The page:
Duncan-Jones discusses the ungentle times of Elizabethan and Jacobean England, including plague, political intrigue, lawsuits, poor harvests and poverty.  Having prospered as a writer in London and as a property-owner in London and Stratford, Shakespeare apparently hoarded grain during times of shortage – hoping thereby to maximise profits.  Again Ben Jonson reputedly mocked him for this.  Later, in Macbeth, Shakespeare symbolically atoned for his selfish action and criticised this widespread practice – with the porter ushering a grain speculator into Hell.  But Duncan-Jones suggests that Shakespeare also avoided paying tax, and did not give much charity to the community of Stratford even after becoming a wealthy man.  Duncan-Jones pays close attention to the numerous court cases involving Shakespeare and his family (some including debts or fines, and one involving libel), and she analyses contemporary events that may have fired his literary imagination.  She provides a plausible explanation of an English court case in the early seventeenth century – involving Cordell Annesley, the youngest daughter of a senile courtier – that may have influenced Shakespeare’s rewriting of the old story King Lear.

Throughout this engaging book Duncan-Jones writes with vigour and wit.  But sometimes her speculation is wild or cruel.  Her turn of phrase is striking, though occasionally poorly timed or ill conceived.  After the death in 1596 of his son Hamnet, aged eleven and a half, Shakespeare had no male heir.  Duncan-Jones suspects (on what basis we are not sure) that Shakespeare and his wife ceased sexual relations in the 1580s.  Duncan-Jones proceeds to connect the death of young Hamnet and the life of Anne Shakespeare in an unfortunate manner: “Yet while there’s death there’s hope.  Fairly naturally, given the discrepancy in their ages, Shakespeare may have dreamed that he would eventually outlive Anne and that he might one day be able, as a gentleman of substance, to make a better marriage, and beget another son.”  William and Anne Shakespeare remained married for a further twenty years after the death of their only son, and the poet predeceased his older wife by seven years.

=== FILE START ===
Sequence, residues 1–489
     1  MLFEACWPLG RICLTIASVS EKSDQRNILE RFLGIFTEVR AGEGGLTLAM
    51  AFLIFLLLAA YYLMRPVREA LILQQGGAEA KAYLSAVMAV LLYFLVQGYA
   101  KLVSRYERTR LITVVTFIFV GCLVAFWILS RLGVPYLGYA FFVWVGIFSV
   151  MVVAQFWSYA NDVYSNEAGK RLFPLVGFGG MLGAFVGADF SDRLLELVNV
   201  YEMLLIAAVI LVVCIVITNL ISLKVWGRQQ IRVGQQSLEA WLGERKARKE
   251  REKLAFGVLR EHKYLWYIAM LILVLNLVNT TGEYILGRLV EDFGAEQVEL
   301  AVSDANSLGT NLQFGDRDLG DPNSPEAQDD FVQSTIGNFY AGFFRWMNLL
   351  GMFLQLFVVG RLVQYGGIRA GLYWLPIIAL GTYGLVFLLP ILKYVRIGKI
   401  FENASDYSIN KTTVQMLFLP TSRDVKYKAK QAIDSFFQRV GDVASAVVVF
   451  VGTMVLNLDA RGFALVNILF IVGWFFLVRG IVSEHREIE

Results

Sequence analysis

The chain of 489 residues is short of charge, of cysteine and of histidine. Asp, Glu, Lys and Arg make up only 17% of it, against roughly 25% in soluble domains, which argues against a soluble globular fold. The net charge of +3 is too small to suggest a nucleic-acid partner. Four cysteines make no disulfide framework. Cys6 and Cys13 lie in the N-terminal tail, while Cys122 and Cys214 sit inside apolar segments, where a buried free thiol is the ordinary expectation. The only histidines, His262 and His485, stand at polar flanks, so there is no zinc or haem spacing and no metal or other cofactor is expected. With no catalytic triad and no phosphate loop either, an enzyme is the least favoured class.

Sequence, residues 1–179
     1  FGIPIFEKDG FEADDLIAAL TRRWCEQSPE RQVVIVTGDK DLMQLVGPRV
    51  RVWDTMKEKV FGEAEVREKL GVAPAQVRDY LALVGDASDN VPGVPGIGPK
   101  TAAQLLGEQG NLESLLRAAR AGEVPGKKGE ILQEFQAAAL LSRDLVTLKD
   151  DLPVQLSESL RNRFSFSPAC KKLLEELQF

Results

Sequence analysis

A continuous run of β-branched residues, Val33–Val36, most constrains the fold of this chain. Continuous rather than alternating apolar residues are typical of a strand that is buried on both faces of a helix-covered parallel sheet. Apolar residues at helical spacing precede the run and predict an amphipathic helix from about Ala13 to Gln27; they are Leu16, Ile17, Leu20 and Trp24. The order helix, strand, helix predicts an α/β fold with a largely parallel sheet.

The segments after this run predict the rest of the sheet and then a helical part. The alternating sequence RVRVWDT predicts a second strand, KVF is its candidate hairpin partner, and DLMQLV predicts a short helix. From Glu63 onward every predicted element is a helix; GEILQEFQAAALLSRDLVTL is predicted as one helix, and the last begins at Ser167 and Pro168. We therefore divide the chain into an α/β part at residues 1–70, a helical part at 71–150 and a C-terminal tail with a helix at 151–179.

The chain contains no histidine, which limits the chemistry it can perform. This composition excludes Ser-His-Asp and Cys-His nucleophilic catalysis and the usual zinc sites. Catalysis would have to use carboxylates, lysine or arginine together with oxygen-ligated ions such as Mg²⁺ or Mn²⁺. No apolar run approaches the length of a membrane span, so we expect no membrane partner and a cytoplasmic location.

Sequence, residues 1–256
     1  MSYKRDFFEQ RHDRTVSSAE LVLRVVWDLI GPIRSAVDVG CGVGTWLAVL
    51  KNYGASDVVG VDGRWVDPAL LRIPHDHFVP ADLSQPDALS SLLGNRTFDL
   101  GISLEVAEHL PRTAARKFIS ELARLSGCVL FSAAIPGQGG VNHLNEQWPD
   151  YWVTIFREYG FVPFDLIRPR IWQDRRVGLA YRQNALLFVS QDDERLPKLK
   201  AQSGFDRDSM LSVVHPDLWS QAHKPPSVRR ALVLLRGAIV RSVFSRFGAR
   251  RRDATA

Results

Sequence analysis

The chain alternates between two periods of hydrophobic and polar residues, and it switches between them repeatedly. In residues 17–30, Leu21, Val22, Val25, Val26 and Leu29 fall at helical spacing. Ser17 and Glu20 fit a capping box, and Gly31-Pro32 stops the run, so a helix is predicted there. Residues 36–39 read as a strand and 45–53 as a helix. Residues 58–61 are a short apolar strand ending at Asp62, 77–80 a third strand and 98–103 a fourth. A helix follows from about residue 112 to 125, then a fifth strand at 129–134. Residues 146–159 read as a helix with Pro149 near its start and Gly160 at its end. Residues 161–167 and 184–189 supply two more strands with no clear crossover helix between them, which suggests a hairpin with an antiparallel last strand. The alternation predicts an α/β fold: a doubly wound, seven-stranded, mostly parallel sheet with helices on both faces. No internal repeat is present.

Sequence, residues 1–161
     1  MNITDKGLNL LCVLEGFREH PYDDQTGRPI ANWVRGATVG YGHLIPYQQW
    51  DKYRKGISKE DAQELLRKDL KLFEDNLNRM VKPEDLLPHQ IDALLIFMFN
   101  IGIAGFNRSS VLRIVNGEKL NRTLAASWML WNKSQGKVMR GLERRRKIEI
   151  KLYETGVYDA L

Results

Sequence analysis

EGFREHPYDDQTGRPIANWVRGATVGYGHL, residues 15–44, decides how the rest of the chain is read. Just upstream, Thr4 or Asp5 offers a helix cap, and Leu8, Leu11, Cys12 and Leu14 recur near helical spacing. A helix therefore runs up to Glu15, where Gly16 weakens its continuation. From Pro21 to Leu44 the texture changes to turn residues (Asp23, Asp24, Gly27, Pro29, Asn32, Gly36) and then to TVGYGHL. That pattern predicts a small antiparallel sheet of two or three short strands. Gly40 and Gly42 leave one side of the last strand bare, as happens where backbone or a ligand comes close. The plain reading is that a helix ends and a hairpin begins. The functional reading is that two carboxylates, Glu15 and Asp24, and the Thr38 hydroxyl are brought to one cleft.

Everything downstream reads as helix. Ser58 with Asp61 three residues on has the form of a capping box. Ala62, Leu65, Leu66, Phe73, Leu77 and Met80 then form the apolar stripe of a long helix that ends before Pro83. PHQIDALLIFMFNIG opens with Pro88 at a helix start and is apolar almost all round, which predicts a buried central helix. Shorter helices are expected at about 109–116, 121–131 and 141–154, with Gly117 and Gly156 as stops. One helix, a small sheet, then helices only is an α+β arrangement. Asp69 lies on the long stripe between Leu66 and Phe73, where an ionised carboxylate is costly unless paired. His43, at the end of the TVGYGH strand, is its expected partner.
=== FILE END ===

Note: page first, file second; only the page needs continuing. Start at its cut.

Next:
Nonetheless, Duncan-Jones insists on Shakespeare’s dislike of his wife Anne, a woman who apparently played “no part in the fashioning of [Shakespeare’s] art or ensuing fame.”  To present throughout her book such a totally negative perspective on the Shakespeare marriage, Duncan-Jones argues from silence, speculates wildly, and treats tendentiously extant documentary evidence.  Although laudatory of Shakespeare’s writing, Duncan-Jones tends to depict her subject as a misogynist (particularly in a few sonnets) with hatred for his wife especially pronounced.  In his will Shakespeare infamously bequeathed his wife “my second best bed.”  A number of scholars have noted that this would have been the bed Shakespeare shared with Anne in their thirty-three years of marriage, the best bed being reserved for guests.  Duncan-Jones, however, asserts that at the time of writing his will the ailing Shakespeare “was surely…being nursed in the best, or ‘master’ bed” and that he was “determined that Anne should never occupy it, even after his death.”  Moreover, she reads a pointedly sinister motive into Shakespeare’s gravestone curse: